One more mile. I got this. I was even shocked I could swing the mile pace I was running. Getting in the 1:40's would definitely happen. I was having fun even though I didn't know how much longer my legs could propel me forward. A couple men on the sidelines cheered for me as I ran by, "Go, go, go!" I laughed and yelled back, "I AM going!" They laughed back, and cheered some more. This was fun. Painful, but fun! There was one more band, so I gave them a "rock on" hand gesture with my tongue hanging out as I passed by. They seemed to appreciate it.
The final straight-away, and there was a man yelling out "600 yards left, you got this!" to the two men who had just passed me. He also added, "She's behind you, she won't catch you!" Ummm...are you referring to me? I reassured the man running that I would not be making any moves to try to catch him, he was safe. C'mon, don't ruin my fun by rubbing it in that I can't pass a man who appeared twice my age!
Then a miracle happened. "Is that Kerry Sue?" I heard behind me. I turned and looked, and there was Dave Castro. He fed my ego with compliments. "Where were you a mile ago?" I jokingly asked him. "I saw you, I was trying to catch you," he replied. He kept encouraging me on the last couple hundred yards. "All the way, you're almost there!" And with that we crossed the finish line together in 1:45...not exactly the 'bird brother I was expecting to finish with, but a 'bird brother just the same! Thanks, Dave!
I found Pat, discovered that he was able to finish in 1:42! We both had a super race, hoping we would get in the 1:50's before, and doing so much better! Now off to pick up my bag and get some more water. Like the girl I am, I started spontaneously crying for relief, from exhaustion, and amazement of what we just did in two days.
Then, I had the weirdest thing happen as we were sitting on the cool ground of Chukchansi stadium. My fingers started getting tingly, as well as my lips. Hmmm...this is weird. I sent a text to my parents, brother and husband letting them know I did better than I was hoping for and I was safe. Maybe that was premature, because my fingers went from tingling to not being able to move them. And now my tongue and roof of my mouth was tingly too. My fingers went straight, and I could not bend them. Pat told me the medical tent was just around the corner if I wanted him to help me get there. He said to let him know when it wasn't just my hands. He asked if I wanted the gel that was in my bag? It would probably help. Not yet, I told him. Not long after, the tingly started going up my arms, I panicked and started crying again. Pat gave me some napkins. My mom had texted back, but I couldn't use my fingers to answer her question. Why is my whole face shaking? And my arms?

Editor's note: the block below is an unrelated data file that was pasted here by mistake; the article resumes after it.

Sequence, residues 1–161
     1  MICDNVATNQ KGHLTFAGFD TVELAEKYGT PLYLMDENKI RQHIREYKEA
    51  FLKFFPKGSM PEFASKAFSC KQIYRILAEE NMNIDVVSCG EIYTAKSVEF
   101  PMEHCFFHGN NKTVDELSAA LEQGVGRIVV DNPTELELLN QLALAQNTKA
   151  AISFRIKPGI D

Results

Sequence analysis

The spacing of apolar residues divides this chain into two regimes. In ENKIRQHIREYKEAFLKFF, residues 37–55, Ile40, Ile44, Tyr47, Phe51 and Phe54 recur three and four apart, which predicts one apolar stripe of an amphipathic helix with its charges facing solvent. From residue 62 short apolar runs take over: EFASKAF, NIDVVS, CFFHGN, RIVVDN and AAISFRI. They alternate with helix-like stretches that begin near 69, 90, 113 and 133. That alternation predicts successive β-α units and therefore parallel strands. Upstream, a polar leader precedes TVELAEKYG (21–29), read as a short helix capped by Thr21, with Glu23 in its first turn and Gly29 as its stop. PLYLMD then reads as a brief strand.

Soon it passed, and we decided I needed some sugar, fast! He helped me up (my legs were totally fine, so bizarre!) and we came upon the Cold Stone booth. "Free ice cream for runners!" I heard, and swooped up a cup. And by swooping, I mean using both hands to grab it, since I didn't yet have full function of my fingers. After the first bite I felt immediately better! We found a seat in the stadium and watched more runners come in. We even caught the excitement of seeing a guy getting loaded into an ambulance. Glad I wasn't THAT guy! Instead, by this point, we were having a good time, laughing about the past two days, and finally got a descent "selfie" (a picture that you take of yourself):
Pat reminded me what I had for breakfast that day: an orange, and some coffee. He suggested I eat more. I should totally stick with my Chrissie Wellington breakfast!
Besides ice cream, you know what you get to eat without guilt after burning 7,000 calories in two days? How about this:
Here is the link to what the Garmin recorded. Just remember...Pat ran faster! :)
*In case you don't know who Chrissie Wellington is, she is the most phenomenal female Ironman athlete ever. Check her out: http://www.chrissiewellington.org/